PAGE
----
Fight Between Apple and Digital Music News Over Digital Copyright – Apple made Digital Music News take down a copy of its iTunes Radio contract on Scribd which had been posted by DMN to analyze and discuss the contract. DMN says the posting was perfectly fair use and has since placed it directly on its own server, along with an article entitled “Who’s Screwing You Worse: iTunes Radio or Pandora?” Apple tried to say the posting was criminal according to the Digital Millennium Copyright Act (DMCA), which was passed in 1998 and controls digital rights management (DRM). The DMCA exempted Internet service providers and intermediaries from copyright liability.
1893 Recording of Black Vocal Group is Auctioned – A 120-year-old wax cylinder recording by the New York-based Unique Quartet sold for $1,100 at an auction in Maine after being discovered in a private collection there. There is one other copy of it at the Library of Congress. The wax was so fragile that auctioneers didn’t dare try to play it. Robert Darden, who is working to save black gospel music by digitizing existing recordings thru the Black Music Restoration Project, said that all pre-digital black sacred music is at risk, whether it be on cylinders, discs or cassette recordings. During WWII many cylinder recordings and 78s were melted down and recycled to support the war effort.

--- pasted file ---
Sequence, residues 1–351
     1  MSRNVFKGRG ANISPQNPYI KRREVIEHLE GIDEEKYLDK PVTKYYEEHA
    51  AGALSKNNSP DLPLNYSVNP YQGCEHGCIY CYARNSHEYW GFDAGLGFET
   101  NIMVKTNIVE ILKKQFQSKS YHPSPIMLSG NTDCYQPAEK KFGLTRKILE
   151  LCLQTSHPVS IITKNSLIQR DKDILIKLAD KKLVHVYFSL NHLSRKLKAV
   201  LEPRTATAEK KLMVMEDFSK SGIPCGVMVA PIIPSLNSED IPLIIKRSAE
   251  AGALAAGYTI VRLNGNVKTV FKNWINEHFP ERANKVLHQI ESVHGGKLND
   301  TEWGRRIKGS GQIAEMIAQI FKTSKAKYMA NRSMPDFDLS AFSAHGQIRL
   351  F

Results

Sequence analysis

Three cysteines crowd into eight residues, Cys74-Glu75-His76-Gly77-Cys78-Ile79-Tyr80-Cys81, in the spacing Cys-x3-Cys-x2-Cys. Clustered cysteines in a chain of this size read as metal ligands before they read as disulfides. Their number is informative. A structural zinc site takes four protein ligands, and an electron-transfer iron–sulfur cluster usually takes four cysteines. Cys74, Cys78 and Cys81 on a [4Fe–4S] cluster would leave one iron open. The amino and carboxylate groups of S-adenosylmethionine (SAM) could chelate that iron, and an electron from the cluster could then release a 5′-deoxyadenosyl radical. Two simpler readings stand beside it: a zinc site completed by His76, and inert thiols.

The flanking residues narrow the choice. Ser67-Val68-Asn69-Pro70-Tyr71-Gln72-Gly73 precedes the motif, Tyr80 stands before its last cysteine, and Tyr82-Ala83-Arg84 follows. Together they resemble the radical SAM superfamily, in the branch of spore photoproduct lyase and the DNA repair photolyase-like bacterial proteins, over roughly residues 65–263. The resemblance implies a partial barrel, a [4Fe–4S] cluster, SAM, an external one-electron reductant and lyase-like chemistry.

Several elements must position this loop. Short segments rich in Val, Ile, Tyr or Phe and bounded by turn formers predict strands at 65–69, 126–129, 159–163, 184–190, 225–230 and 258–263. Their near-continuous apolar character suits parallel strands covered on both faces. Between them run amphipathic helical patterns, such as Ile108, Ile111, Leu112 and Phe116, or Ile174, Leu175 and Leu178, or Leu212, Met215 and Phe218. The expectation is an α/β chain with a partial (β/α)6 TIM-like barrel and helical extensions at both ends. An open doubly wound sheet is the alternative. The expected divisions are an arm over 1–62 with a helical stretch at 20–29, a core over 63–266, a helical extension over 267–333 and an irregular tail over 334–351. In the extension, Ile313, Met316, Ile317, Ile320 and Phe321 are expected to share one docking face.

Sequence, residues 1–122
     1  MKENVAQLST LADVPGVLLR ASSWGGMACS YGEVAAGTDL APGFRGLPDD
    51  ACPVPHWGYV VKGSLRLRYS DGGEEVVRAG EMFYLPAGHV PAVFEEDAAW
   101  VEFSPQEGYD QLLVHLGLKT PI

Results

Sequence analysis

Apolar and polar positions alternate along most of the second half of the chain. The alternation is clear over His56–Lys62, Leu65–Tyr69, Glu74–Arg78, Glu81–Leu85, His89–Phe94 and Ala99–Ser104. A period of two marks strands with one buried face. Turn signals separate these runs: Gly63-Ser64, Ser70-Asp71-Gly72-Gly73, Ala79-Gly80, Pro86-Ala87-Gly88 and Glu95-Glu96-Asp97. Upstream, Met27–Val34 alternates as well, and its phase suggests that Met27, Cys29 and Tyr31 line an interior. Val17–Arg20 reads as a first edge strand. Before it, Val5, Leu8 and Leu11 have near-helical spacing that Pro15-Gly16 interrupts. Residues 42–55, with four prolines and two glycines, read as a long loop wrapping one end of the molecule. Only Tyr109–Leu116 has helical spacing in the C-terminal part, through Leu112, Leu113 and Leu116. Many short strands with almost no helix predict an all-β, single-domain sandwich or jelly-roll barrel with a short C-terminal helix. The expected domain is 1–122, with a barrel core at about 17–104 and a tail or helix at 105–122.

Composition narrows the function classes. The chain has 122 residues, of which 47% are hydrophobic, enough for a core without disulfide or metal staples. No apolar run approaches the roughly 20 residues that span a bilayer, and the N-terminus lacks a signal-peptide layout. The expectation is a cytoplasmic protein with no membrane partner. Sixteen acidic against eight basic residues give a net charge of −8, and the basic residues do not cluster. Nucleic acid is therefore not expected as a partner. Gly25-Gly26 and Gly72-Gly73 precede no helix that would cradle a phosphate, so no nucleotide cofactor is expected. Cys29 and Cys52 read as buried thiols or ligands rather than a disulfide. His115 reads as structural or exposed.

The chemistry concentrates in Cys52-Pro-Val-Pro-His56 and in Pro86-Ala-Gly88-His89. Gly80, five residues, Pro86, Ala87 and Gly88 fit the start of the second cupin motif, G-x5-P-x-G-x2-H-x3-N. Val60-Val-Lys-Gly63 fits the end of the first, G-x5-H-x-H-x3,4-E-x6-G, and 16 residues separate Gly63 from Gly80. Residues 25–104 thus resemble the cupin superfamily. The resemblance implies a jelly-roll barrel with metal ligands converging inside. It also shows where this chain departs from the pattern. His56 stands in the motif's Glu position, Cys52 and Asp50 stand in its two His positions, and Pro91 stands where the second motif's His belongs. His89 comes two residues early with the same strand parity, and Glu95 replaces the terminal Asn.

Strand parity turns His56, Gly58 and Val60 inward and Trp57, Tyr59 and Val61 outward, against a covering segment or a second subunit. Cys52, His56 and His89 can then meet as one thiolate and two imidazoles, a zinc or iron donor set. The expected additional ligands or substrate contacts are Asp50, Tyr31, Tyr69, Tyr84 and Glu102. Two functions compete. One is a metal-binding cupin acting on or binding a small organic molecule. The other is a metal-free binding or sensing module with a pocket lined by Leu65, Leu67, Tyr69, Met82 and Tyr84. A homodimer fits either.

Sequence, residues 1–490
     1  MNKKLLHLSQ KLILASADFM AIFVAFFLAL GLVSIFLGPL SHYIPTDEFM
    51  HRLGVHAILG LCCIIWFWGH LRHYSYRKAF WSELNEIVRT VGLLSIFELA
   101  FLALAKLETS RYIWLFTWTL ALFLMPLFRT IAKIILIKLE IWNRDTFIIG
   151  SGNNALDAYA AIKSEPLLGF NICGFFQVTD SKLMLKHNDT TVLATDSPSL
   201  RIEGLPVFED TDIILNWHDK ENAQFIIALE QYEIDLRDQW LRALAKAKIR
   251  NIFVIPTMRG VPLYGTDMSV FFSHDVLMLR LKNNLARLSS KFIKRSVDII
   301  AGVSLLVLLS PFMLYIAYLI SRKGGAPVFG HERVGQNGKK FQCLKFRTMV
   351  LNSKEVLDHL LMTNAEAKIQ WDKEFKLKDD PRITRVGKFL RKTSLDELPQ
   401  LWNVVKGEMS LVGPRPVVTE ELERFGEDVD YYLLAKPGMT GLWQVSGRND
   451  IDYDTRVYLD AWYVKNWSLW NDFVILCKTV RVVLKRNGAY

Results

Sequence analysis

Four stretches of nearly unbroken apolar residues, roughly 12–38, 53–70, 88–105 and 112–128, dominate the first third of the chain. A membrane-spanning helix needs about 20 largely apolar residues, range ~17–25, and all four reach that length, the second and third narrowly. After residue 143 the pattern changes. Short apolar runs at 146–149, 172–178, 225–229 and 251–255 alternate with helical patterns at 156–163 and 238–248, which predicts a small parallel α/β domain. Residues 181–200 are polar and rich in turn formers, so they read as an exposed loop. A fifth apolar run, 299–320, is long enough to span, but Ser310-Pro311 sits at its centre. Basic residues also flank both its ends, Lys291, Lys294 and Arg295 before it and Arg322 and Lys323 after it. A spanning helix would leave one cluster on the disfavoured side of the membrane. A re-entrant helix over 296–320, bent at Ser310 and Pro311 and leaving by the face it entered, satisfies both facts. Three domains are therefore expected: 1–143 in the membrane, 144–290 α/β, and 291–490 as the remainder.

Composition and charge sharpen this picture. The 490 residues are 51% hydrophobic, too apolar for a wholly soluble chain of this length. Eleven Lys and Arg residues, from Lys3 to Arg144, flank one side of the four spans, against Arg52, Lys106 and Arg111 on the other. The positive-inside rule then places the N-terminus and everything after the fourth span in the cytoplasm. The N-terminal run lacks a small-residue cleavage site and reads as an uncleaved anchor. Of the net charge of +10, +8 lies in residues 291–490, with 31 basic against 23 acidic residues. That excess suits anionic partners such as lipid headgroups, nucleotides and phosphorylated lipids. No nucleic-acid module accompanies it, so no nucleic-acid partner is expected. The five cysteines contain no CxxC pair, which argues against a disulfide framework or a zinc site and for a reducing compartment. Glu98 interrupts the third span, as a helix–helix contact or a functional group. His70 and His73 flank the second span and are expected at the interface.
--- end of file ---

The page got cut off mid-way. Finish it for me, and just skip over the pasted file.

Six Horrible Violent Video Games to Keep Your Kids Away From This Holiday:Assassin’s Creed 4: Black Flag Deadpool Grand Theft AutoV Ryse: Son of Rome Saints Row IV The Last of Us (Thanks to ConsumerReports)
Iowa Gets Over $275,000 in Google Settlement – Google will pay the state of Iowa more than $275,000 as part of a $17 million national settlement over violating consumer provicy. Google found a way to alter default privacy settings in Safari browsers without consumers’ knowledge or consent. Such coding allowed the company to gather information about consumers, including their online surfing habits. It disabled the cobing in 2012 after the practice was reported. The money will go to the state’s consumer education and litigation fund.
Funny Video Clips Most-Watched by People Online – The NY Times Consumer Insights Group did a survey to find that 52% of people were watching funny video clips most often, followed by movie clips (46%) and music videos (39%). 71% cited “make me laugh” as a goal. Short-form professional video entertainment rules online video. The survey also found that 25% are watching less broadcast TV than a year ago, and of that group 35% a doing do because of the influence of online video. Cord-cutting is growing too: The top reason for watching less broadcast TV was that people have less time (43%), followed by cable/satellite TV being too expensive (36%). So silly cat videos are not over…